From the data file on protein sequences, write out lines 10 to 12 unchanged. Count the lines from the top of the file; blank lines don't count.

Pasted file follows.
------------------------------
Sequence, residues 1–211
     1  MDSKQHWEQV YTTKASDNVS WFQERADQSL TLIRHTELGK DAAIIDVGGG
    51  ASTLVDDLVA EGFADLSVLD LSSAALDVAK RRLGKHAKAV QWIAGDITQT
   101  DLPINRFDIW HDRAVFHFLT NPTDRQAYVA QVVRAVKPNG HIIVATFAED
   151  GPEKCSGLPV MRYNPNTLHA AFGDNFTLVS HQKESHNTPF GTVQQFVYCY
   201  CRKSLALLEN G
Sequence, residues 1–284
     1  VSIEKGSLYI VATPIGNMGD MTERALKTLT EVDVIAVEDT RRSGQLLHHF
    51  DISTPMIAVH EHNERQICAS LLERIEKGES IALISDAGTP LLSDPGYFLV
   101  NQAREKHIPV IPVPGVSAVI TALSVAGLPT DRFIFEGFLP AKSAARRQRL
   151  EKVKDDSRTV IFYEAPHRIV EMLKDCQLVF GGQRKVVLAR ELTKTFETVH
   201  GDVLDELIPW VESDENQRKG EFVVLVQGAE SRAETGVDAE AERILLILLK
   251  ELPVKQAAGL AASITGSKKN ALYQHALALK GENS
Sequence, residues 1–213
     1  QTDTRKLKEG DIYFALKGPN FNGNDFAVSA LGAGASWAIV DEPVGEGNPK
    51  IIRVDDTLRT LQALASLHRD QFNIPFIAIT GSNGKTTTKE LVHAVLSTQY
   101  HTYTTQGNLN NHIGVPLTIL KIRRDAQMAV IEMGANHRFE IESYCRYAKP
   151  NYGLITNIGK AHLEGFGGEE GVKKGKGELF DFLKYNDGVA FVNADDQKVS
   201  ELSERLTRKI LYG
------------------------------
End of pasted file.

   101  NQAREKHIPV IPVPGVSAVI TALSVAGLPT DRFIFEGFLP AKSAARRQRL
   151  EKVKDDSRTV IFYEAPHRIV EMLKDCQLVF GGQRKVVLAR ELTKTFETVH
   201  GDVLDELIPW VESDENQRKG EFVVLVQGAE SRAETGVDAE AERILLILLK